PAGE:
Luton Airport flight tracks

Flight tracks at Luton Airport fall into two completely different patterns depending on whether the wind is coming from the west or the east . This is because aircraft always take off and land into the wind. In the UK, westerly winds prevail, typically occurring around 70% of the time on average, though weather patterns may be altering due to Climate Change. The position and direction of aircraft in the sky, and the noise on the ground, will be completely different depending on the wind direction. Our track diagrams will help you work out what’s going on.

The illustrations below show the typical tracks followed by commercial aircraft below 7,000ft as they arrive at or depart from Luton Airport. (Bear in mind that other flights to and from Stansted, Heathrow and London City also affect this area.) The tracks are coloured to indicate the airline (eg mauve=Wizz, orange=easyJet, green=RyanAir). The caption beneath each picture explains what’s happening.

Westerly arrivals

Westerly arrival tracks at Luton Airport
Tracks taken by aircraft arriving at Luton Airport during a typical day when the wind is coming from the west.
The aircraft assemble over a wide area primarily north-east of Luton, and line up on the extended approach path which brings them in as they descend over Stevenage, St Paul’s Walden and Breachwood Green, heading west.
The engines will be throttled back, but the aircraft body, flaps and undercarriage make a loud rumbling noise.

Westerly departures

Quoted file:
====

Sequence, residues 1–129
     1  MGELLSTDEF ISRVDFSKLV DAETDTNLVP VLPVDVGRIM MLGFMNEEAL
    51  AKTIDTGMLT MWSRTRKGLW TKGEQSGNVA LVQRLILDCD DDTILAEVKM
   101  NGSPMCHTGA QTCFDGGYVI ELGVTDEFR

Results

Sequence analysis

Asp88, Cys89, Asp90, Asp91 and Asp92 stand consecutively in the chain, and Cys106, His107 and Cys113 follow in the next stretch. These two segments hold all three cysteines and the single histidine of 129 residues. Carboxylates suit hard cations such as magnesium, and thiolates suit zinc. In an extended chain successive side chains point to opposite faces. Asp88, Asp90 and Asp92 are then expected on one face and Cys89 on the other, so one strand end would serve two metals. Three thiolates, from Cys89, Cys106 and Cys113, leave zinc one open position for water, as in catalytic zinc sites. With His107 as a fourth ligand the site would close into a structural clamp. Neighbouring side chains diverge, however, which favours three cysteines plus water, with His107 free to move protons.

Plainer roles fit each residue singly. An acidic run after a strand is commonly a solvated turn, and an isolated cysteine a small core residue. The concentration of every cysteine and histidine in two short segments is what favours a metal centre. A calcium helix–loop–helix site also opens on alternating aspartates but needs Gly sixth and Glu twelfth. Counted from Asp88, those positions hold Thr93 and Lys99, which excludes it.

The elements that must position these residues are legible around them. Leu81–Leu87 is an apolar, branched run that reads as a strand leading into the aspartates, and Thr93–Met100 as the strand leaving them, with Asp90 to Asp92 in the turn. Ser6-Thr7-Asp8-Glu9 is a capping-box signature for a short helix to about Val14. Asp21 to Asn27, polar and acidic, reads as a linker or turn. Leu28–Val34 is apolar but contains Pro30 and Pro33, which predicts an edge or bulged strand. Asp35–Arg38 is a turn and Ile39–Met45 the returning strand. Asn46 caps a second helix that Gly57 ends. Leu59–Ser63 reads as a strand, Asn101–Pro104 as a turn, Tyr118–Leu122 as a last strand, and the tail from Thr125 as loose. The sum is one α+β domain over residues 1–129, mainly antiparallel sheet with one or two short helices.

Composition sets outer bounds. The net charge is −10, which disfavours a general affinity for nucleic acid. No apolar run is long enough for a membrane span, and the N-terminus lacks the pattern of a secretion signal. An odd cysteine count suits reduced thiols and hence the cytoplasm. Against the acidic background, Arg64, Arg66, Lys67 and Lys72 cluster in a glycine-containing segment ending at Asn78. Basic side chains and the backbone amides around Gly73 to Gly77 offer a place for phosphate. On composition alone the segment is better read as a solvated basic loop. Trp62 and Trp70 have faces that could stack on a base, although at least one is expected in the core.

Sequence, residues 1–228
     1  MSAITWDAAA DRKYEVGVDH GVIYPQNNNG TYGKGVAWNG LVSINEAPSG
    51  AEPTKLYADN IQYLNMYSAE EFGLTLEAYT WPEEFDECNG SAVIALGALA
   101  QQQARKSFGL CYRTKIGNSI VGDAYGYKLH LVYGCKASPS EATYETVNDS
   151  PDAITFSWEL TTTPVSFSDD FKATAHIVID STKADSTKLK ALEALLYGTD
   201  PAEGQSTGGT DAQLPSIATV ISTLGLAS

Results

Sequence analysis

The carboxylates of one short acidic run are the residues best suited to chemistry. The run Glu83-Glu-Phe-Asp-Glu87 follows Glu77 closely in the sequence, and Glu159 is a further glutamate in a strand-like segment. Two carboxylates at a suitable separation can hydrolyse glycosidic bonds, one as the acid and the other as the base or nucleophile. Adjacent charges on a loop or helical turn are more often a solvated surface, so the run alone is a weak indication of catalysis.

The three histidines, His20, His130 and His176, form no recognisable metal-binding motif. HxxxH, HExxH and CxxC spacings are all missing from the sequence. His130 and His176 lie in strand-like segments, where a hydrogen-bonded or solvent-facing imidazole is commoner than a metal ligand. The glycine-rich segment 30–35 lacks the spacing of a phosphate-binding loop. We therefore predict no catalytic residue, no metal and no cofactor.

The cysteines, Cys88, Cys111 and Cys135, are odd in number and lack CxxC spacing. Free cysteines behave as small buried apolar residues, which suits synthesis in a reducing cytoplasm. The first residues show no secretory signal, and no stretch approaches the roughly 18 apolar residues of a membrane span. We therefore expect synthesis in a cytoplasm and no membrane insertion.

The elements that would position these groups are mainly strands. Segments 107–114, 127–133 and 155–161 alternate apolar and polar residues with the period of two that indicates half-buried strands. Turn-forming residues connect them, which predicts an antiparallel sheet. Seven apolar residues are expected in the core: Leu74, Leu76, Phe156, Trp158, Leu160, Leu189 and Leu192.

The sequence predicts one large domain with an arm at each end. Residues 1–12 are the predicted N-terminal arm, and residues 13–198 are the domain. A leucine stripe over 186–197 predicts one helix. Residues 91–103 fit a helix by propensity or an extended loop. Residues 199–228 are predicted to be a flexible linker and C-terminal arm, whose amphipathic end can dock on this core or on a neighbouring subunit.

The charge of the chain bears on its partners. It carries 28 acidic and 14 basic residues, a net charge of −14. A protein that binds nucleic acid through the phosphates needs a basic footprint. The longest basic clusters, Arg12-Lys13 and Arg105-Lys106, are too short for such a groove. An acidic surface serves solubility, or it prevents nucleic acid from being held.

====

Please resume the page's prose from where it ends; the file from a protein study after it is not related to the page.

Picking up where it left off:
Westerly departures from Luton Airport
Tracks taken by aircraft departing from Luton Airport during a typical day when the wind is coming from the west.
The aircraft bear left after take-off, passing over Slip End and Brickhill Park, track between Markyate and Flamstead, then either turn left past Redbourn, Harpenden and St Albans and on over Sandridge towards Welwyn/Hatfield; or turn right over Gaddesden and then either go north over Dagnall or continue west towards Wigginton and Hastoe.
Departures are often held at low altitudes (below 5,000ft) for extended distances due to crowded airspace.

Easterly arrivals

Tracks taken by aircraft arriving at Luton Airport during a typical day when the wind is coming from the east.
The aircraft assemble over a wide area primarily north and west of Luton, and line up on the extended approach path which brings them in as they descend over Leighton Buzzard, Whipsnade, Kensworth and Caddington, heading east.
The engines will be throttled back, but the aircraft body, flaps and undercarriage make a loud rumbling noise.

Easterly departures

Tracks taken by aircraft departing from Luton Airport during a typical day when the wind is coming from the east.
The aircraft climb out over Breachwood Green and St Paul’s Walden, and then the tracks diverge on the outskirts of Stevenage. Some turn right through 90 degrees and fly south over Knebworth. Others continue the turn and track back west over Gustard Wood and north Harpenden. Others turn left over Hitchin to fly north and west.
Departures are often held at low altitudes (below 5,000ft) for extended distances due to crowded airspace.

On the next page we explain which organisations are responsible for regulating the flights at Luton.